• Behavioral Targeting Trumps Demographic Targeting In Politics
    It might make sense to target different political ads to different geographic regions or demographic groups, but that kind of targeting doesn't always pan out. That's according to Martha Patzer, principal of the consultancy 270 Strategies. What type of data is useful to ad-targeters? Information about people's prior Web activity, Patzer says. "Past online behavior was really a better behavior for future behavior than anything else, including where you live or how old you are," she says.
  • Online Political Targeting Challenged By Cookie Deletions
    Political campaigns try to serve targeted ads online, but are challenged by cookie deletions, says Tim Cameron, chief digital strategist at NRSC. "Match rates might be 40% on a good day," he says. But, he adds, it's equally important -- if not more important -- to reach the other 60%. "Just because they clear out their cookies doesn't mean they're not voting," he says. In fact, he adds, "the type of people who take the time to clear out their cookies" probably are even more likely to vote.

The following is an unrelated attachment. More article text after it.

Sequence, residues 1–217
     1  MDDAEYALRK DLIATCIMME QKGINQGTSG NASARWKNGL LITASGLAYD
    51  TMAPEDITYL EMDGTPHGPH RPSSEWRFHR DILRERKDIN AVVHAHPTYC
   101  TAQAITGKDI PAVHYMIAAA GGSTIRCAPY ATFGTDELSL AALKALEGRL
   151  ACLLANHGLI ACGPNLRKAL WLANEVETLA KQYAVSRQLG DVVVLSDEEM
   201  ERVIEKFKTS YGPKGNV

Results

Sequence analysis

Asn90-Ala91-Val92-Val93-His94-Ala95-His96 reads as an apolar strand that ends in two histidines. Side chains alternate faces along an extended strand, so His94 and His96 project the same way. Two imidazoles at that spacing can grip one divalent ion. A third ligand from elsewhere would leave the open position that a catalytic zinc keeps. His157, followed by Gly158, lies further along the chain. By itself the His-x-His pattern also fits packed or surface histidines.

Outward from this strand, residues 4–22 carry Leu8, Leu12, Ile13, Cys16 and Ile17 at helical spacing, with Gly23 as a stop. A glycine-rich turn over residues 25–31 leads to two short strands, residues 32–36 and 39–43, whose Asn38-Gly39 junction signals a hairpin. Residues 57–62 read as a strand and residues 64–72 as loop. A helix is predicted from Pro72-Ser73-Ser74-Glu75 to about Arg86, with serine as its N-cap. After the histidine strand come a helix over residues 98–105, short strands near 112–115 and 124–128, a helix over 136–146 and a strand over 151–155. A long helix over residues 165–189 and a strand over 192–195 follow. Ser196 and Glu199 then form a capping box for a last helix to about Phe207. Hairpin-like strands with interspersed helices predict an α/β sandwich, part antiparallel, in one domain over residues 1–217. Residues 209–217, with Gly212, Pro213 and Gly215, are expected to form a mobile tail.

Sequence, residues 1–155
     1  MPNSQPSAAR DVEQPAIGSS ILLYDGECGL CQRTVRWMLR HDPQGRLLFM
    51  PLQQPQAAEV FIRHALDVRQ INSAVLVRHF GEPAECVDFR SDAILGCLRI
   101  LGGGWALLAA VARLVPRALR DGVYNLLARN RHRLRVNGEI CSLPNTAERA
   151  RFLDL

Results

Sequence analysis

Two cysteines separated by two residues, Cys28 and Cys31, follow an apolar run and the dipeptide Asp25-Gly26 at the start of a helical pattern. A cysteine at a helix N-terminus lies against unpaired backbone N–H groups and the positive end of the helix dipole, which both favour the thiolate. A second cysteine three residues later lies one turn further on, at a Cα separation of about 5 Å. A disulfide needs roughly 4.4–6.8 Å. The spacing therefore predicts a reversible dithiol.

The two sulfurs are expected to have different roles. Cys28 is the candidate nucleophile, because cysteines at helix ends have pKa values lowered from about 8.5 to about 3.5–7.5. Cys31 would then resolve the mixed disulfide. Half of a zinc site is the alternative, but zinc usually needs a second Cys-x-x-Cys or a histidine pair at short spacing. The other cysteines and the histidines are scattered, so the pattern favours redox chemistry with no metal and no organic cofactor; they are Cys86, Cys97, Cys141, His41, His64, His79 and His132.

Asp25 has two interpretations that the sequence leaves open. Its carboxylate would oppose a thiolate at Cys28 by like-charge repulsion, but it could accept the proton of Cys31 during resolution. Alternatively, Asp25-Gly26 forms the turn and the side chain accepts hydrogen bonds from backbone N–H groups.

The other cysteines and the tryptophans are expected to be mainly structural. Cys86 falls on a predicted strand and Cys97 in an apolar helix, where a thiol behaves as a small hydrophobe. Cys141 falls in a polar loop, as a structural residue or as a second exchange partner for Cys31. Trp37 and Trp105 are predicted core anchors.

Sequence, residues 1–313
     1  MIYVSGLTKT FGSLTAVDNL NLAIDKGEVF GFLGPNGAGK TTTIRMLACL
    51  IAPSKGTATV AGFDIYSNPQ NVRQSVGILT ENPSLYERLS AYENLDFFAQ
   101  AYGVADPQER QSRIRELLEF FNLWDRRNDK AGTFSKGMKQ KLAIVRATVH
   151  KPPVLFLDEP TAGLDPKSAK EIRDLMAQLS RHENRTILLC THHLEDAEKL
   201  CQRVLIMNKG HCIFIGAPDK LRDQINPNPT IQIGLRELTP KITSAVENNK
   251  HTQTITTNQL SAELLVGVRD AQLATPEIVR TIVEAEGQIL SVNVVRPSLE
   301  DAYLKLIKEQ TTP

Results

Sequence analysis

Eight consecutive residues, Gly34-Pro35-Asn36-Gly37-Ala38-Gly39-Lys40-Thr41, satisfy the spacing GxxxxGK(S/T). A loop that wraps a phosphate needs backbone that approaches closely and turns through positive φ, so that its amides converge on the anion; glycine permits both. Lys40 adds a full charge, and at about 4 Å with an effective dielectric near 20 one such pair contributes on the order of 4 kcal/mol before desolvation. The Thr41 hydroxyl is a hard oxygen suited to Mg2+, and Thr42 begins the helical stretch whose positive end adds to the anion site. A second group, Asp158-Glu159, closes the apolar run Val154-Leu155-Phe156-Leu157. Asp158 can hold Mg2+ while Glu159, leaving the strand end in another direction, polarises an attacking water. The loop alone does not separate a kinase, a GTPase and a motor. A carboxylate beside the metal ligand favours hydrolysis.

• GOP Candidates Boost Ad Spending
    Political campaigns are spending more on TV advertising this cycle than in 2012, Jon Adams, digital director for the National Republican Senatorial Committee said this morning.
  • Programmatic: Still in the "Wait a Minute" stage
    Programmatic media platform might be still in its “wait a minute” period, according to Kevin Rettig, senior manager, of personalization & customer analytics for Accenture, speaking at MediaPost’s “The Reckoning” event.He says for every dollar spent on programmatic there are platform, technology, verification and other costs; you are left with a lot less. Factoring in non-viewable ads, including ad fraud, you have more waste. Rettig says what remains is around 25 cents actually going to media. “That’s probably a bit more negative view,” says Rettig. “Certainly as media auditors, this is something that we see.”Media agencies making many ad-tech investments could ...
  • Are Consumers Losing The Data Game?
    Even if it's just more relevant ads, are consumers benefiting from the collection of their digital behavior and personal information? Not likely, according to Bob Gellman, a privacy and information policy consultant. "Economists have begun to look at some of these [data tracking and collection] activities, and they're finding that all the benefits go to the companies [doing the tracking and collecting] and the consumers get hardly anything out of this," Gellman told attendees of MediaPost's The Reckoning conference, on Tuesday. It's more likely that most consumers will lose by surrendering their data, Gellman said. Referring to the notion of ...